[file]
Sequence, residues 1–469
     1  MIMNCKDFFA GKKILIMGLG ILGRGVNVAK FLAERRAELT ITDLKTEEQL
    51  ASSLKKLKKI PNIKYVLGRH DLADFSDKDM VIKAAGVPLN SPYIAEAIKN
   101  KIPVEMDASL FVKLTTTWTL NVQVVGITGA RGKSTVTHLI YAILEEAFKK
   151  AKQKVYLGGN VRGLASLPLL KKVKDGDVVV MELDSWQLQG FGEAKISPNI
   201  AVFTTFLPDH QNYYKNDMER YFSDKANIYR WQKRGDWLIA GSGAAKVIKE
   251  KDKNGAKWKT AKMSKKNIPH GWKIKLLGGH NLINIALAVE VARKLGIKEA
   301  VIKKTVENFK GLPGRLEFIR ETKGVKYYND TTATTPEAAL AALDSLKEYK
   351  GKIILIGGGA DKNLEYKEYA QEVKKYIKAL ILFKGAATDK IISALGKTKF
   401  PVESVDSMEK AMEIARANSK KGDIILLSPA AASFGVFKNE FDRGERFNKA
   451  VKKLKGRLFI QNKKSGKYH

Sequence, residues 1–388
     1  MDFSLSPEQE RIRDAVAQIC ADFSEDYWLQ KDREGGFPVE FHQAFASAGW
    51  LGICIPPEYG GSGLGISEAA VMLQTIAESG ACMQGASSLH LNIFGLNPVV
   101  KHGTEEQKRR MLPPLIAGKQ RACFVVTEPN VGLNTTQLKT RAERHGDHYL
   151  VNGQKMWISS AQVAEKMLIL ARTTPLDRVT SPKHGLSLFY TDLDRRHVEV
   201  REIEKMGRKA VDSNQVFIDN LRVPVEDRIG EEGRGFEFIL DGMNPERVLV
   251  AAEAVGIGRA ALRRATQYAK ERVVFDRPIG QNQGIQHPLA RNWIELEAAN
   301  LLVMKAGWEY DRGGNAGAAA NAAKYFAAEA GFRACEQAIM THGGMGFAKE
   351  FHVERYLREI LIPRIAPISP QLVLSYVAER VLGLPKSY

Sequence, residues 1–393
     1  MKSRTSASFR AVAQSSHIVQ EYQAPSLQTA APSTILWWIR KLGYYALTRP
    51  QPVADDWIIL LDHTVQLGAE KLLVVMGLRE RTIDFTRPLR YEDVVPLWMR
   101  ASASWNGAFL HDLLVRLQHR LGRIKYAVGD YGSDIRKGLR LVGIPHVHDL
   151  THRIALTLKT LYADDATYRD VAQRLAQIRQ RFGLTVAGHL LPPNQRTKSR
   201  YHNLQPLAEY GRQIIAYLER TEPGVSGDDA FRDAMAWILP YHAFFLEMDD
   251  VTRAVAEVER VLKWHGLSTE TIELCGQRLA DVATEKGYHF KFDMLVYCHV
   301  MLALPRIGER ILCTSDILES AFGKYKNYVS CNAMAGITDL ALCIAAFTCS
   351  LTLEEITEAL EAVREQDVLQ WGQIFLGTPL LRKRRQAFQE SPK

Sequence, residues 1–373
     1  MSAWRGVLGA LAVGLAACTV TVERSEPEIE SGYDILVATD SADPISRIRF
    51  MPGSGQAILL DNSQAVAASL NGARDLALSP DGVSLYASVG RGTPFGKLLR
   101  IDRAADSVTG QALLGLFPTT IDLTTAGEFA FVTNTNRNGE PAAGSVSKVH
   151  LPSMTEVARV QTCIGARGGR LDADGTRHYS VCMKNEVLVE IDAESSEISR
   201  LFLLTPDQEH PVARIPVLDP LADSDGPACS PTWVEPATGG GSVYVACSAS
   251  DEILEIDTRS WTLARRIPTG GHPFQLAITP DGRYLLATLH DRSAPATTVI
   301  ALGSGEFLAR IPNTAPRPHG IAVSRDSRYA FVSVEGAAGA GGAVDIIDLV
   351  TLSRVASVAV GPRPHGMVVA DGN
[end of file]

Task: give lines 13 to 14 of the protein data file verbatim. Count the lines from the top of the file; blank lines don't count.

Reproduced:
     1  MDFSLSPEQE RIRDAVAQIC ADFSEDYWLQ KDREGGFPVE FHQAFASAGW
    51  LGICIPPEYG GSGLGISEAA VMLQTIAESG ACMQGASSLH LNIFGLNPVV